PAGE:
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Musk says he's having second thoughts about buying Twitter

LEILA FADEL, HOST:

Elon Musk has a deal to buy Twitter for $44 billion. But now, apparently, he has doubts. Such serious doubts, so he says, that he might kill the deal. Or maybe Elon Musk is being Elon Musk and trolling for a better bargain. And all of this is playing out, where else? - but on Twitter. I spoke with NPR tech correspondent Shannon Bond to understand what's going on.

SHANNON BOND, BYLINE: Musk said at a conference in Miami on Monday that he's concerned about the number of fake accounts on Twitter.

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ELON MUSK: You know, at the end of the day, acquiring - it has to be fixable, and fixable, you know, with reasonable time frame and without revenues collapsing along the way and all that sort of stuff. And so, you know, I really need to see how these things are being calculated.

BOND: But, you know, for years, Twitter has said it estimates less than 5% of accounts are fake. But on Tuesday, Musk demanded public proof of that number. Otherwise, he said, quote, "This deal cannot move forward." Remember, he initiated this deal. Also, without providing any evidence, he claimed 20% of accounts may be fake. Then one of Musk's followers tweeted that the Securities and Exchange Commission should look into this. Musk tweeted in response, hello @SECGov, anyone home? SECGov is the agency's official account. And, Leila, that's the same agency that, in 2018, fined Musk $20 million over his false claims on Twitter that he had funding to take Tesla private.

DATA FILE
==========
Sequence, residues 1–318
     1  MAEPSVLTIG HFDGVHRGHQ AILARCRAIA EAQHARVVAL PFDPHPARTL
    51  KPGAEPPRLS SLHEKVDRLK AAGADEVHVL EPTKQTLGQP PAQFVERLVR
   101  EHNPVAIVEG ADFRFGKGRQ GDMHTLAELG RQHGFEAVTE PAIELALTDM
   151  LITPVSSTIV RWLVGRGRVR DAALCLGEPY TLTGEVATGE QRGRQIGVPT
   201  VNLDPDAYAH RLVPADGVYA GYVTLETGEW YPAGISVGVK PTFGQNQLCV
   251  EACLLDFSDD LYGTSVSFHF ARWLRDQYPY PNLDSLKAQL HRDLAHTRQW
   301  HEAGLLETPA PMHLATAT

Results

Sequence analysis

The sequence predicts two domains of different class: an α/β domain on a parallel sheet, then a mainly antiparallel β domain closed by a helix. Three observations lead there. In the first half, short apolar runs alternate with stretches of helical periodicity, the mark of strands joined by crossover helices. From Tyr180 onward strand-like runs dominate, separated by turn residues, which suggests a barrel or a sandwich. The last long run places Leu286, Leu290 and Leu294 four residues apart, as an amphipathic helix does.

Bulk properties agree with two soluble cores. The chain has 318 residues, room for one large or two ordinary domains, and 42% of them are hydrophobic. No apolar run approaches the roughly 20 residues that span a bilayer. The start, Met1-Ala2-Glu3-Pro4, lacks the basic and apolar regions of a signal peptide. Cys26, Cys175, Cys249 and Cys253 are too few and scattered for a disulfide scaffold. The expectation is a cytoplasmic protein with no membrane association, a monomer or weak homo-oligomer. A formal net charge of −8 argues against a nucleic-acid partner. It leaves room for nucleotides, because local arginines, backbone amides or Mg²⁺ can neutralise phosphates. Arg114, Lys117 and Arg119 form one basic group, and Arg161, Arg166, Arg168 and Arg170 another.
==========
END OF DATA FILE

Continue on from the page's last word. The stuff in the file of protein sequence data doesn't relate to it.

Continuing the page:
FADEL: OK, So is this a bluff to get a better deal, or is Musk trying to pull out?

BOND: Well, if he does walk away, he'd almost certainly be on the hook to pay Twitter a $1 billion breakup fee. And experts I've spoken with say Twitter could even maybe potentially sue him for further damages. Now, Musk is relying on his Tesla shares to finance this deals, and the price of those has fallen sharply. So many observers speculate Musk intends to renegotiate his price for Twitter. And at Monday's conference, Musk suggested he might do just that.

(SOUNDBITE OF ARCHIVED RECORDING)

MUSK: In making the Twitter offer, I was obviously reliant upon the truth and accuracy of their public filings. And if those filings are not accurate, it's simply not - that's - it's not - you can't pay the same price for something that is much worse than they claimed.

BOND: But, Leila, Musk waived due diligence in doing this deal, and that's like buying a home without doing an inspection.

FADEL: So what impact is the drama having on Twitter?

BOND: Well, its share price is way down, and there are worries it could tank even further if Musk backs out. And this is just adding to massive uncertainty and disruption for the company. Twitter has frozen hiring. It's cutting spending. Several top executives are leaving. So whether Musk goes through with the deal or walks away, the whole process risks leaving Twitter weaker than it was before - damaged.

FADEL: OK. So to recap, a little over a month ago, Musk offered to buy Twitter. Twitter initially resisted, later accepted. Now Musk is the one with cold feet, right?

BOND: Yes, right. And Twitter says it's still committed to getting this deal done at the price Musk agreed to. CEO Parag Agrawal tweeted a lengthy rebuttal to Musk's criticism. Musk replied on Twitter with a poop emoji.

FADEL: NPR's Shannon Bond, thank you so much.

BOND: Thanks, Leila. Transcript provided by NPR, Copyright NPR.

Leila Fadel is a national correspondent for NPR based in Los Angeles, covering issues of culture, diversity, and race.
Shannon Bond is a business correspondent at NPR, covering technology and how Silicon Valley's biggest companies are transforming how we live, work and communicate.